5. Develop treatment protocol. Everyone within the spine center should understand treatment protocol to provide the best care and optimize resources for patients. Not every patient will need surgery and providing the appropriate care for patients can go a long way toward lowering the overall costs for episodes of care.
"It seems like it's obvious, but if the appropriate care is rendered to the patient, there will be no complications and the cost will be less," says Dr. Oh. "If a fusion is needed, that's going to drive up the cost of care. However, if there are other treatment options you can provide well for the patient that will drive costs down."
If patients don't need surgery, make sure they are directed to the best specialist for their care so they aren't bouncing from one to the next without ever receiving effective treatment.
"This is easier to track with electronic medical records because anyone who touches the patient will log their interaction," says Dr. Oh. "You can see who did the surgery, intake and follow up. If the patient comes in with a practice or HMO, you can see how much their care costs by provider and who is providing the best care at the most reasonable rates. "
6. Take steps to reduce readmissions. The overall cost of care includes 30-day readmissions, which bump up costs significantly. Collect data on readmission rates and figure out how to avoid them in the future.
"Many of the high costs come from an excessive length of stay or repeat readmissions from a single patient," says Dr. Oh. "Those are huge cost generators. You can see it as a trend in a specific hospital or surgeon group. I think once some of that data becomes available, surgeons will be able to compare themselves within their peer groups and national data so they can make improvements."
Reduce readmissions by focusing on new protocols to eliminate the problem, such as hospital-acquired infections, complications or postoperative pain management. Work with the nurses and other specialists at the hospital to lower these rates. Pay extra attention to patients who are at high risk of readmissions — such as older patients — to ensure they have everything they need before leaving the hospital.
"In the future, insurance companies will see the outliers who have higher readmissions, and those individuals or hospitals won't get good contracts," says Dr. Oh.
7. Cut down on disposables. There are some devices and systems that use a high volume of disposables, which significantly increases the cost per case. Pay attention to the supplies such as bipolars and dural grafting material that are disposable but extremely expensive.
"There are certain retractor systems with disposable pieces that drive up costs," says Dr. Gantwerker. "Push more toward using a reusable package that is just as effective. That should be one of the top priorities to cut costs."
When surgeons are actively working with hospitals to cut their costs, especially if their work includes materials changes and vendor negotiations, they can add a consulting agreement to their relationship. "Nobody in this country works for free," says Dr. Gantwerker. "We are entitled to charge for our time if we are doing that service to the hospital, and we can be compensated for it at a reasonable rate."
8. Make big purchases smartly. Just because you are trying to cut costs doesn't mean that spending more upfront is always a bad idea. Capital purchases come at a big expense and you want to put quality first, especially if you could realize a cost savings later.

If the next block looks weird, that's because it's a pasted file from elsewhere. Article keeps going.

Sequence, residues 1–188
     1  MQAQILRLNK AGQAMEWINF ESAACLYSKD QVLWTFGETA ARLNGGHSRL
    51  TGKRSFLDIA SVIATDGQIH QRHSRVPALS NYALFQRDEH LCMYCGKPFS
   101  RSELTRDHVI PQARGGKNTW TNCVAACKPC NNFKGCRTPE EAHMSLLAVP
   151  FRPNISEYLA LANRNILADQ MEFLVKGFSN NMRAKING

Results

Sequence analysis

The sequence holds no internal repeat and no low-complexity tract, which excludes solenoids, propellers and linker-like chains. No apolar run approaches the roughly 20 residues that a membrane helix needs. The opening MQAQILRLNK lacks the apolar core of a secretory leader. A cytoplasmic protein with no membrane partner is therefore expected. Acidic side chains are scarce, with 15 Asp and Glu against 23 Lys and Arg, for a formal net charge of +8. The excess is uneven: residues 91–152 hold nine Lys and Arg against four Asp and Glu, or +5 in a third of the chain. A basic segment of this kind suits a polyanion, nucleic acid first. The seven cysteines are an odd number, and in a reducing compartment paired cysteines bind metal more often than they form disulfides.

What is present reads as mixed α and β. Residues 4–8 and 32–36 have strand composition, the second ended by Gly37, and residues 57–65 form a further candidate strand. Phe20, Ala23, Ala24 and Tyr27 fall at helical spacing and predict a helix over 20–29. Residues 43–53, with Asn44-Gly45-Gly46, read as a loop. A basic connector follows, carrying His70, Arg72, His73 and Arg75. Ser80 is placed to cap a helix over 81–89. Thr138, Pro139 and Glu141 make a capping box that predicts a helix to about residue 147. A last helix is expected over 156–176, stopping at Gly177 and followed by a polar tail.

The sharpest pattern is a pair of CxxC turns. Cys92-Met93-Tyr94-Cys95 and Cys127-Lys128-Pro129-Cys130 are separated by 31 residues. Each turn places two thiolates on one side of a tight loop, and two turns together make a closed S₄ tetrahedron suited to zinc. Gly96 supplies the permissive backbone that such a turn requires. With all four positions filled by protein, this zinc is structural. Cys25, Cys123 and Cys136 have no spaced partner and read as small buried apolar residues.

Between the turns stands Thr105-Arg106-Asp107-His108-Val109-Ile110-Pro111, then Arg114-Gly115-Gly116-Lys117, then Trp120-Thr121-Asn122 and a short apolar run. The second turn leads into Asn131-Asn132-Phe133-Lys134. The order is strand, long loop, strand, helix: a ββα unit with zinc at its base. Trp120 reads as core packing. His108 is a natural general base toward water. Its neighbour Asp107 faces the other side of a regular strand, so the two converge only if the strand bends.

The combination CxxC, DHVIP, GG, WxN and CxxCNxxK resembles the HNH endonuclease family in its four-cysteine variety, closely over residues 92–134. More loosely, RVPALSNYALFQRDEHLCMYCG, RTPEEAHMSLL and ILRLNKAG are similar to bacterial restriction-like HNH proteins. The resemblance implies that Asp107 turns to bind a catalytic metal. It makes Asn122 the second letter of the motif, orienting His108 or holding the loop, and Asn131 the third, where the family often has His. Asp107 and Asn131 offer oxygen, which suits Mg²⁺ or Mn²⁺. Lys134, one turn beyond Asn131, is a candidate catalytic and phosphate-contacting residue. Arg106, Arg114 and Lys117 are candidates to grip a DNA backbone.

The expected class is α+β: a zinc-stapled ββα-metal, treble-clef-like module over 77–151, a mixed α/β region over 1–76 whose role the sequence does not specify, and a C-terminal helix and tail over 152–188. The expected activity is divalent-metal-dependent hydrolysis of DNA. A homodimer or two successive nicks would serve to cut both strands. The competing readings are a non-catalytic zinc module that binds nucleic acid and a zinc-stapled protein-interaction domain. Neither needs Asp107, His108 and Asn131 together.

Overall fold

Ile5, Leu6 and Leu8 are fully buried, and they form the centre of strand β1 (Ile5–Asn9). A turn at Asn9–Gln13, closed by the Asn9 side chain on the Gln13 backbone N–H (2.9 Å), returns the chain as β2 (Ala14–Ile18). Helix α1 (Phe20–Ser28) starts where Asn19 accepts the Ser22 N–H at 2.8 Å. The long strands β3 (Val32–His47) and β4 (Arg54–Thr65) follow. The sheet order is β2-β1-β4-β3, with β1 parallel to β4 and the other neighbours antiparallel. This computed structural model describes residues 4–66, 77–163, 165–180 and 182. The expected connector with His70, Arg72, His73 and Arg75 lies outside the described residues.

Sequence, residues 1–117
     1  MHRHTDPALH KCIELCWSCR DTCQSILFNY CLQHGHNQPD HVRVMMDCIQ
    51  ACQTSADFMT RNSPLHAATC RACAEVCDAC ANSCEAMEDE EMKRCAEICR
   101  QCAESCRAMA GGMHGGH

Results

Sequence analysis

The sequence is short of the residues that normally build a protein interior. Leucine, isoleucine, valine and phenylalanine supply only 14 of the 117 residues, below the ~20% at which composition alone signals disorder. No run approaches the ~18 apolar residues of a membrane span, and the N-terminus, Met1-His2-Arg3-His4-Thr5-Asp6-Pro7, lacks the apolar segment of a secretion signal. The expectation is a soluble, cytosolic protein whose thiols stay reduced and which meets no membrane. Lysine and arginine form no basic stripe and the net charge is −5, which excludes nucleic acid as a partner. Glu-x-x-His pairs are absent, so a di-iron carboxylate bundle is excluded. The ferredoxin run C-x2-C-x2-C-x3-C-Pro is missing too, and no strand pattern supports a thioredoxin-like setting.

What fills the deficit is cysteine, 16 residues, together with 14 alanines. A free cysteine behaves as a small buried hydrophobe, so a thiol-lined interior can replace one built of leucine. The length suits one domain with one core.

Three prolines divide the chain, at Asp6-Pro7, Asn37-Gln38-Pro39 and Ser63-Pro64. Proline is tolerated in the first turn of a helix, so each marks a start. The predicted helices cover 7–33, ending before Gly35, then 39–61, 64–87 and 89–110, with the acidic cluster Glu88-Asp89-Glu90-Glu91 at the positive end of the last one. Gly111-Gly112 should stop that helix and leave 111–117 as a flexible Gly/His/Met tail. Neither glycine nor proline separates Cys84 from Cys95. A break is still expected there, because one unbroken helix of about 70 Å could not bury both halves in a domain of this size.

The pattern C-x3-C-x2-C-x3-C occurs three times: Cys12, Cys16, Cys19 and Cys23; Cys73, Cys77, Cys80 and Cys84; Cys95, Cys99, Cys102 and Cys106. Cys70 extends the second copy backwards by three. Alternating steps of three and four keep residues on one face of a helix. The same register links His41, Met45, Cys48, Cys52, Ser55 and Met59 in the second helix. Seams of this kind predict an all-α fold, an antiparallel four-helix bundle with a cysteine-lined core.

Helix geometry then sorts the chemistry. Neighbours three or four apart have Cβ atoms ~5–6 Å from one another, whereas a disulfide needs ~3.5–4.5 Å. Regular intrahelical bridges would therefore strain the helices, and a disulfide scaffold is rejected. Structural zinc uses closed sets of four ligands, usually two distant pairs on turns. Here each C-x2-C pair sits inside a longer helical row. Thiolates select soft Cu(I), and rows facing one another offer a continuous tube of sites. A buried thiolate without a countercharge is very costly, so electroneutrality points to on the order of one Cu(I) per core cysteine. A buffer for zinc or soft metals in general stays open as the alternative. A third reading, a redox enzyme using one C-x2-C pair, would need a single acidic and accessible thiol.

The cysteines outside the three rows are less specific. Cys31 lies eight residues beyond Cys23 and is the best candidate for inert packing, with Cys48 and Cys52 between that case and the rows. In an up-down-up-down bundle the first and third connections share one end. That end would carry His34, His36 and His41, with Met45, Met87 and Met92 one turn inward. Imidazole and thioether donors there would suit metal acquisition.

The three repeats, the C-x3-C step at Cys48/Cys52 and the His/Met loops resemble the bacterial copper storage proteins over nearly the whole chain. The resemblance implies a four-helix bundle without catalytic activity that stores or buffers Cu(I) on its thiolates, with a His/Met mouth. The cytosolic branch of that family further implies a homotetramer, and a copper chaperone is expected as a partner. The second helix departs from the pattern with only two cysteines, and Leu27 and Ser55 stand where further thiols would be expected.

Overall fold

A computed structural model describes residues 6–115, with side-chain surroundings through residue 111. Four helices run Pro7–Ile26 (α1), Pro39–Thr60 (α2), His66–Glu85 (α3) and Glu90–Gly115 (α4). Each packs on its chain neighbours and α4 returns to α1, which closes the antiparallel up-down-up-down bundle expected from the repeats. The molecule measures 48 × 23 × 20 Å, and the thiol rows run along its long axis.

"Part of cost savings is spending money in the right place," says Dr. Gantwerker. "Maybe a more expensive microscope is better, but later the depreciation is less and the reliability actually holds. You will realize the cost benefits later down the road, when you do not need to service it for multiple reasons."
As an example, some practices may choose to purchase Apple computers at a higher initial price than Windows-based personal computers. However, there is a cost savings long-term because they won't have to spend additional money fighting viruses; replacing faulty boards and monitors and the OS X operating system is more robust than Windows or other systems.
Dr. Brian Gantwerker is a spine and neurosurgeon with The Craniospinal Center of Los Angeles. He earned his medical degree at Rush Medical College in Chicago and completed his fellowship at the Barrow Neurological Institute in spine surgery.
Dr. Bryan Oh with BASIC Spine is board certified in Neurological Surgery and received his medical training at Stanford University with a residency in neurosurgery and fellowship in spine surgery at the University of Southern California.
Dr. Oh was a faculty member at the University of Texas at Houston Medical School and was Director of Neurotrauma for the busiest Level One Trauma Center in the United States. Please follow us on facebook, google+ and twitter for updates!
More Articles on Spine Surgery:
24 Spine Surgeon Leaders on Why They Chose Spine Surgery
6 Ways to Slash Costs of Spine Surgery at ASCs
10 Steps for Spine Surgeons to Overcome the Fiscal Cliff
© Copyright ASC COMMUNICATIONS 2015. Interested in LINKING to or REPRINTING this content? View our policies by clicking here.
To receive the latest hospital and health system business and legal news and analysis from Becker's Hospital Review, sign-up for the free Becker's Hospital Review E-weekly by clicking here.
- 3 pieces of legislation for ASC leaders to know
- Possible treatment to protect against Marburg and Ebola viruses — 7 things to know
- Thailand's first case of MERS cleared of virus — 5 facts to know
- GI physician leader to know: Dr. Bruce Sands of Mount Sinai Hospital
- William Blair gives EndoChoice 'outperform' rating: 4 notes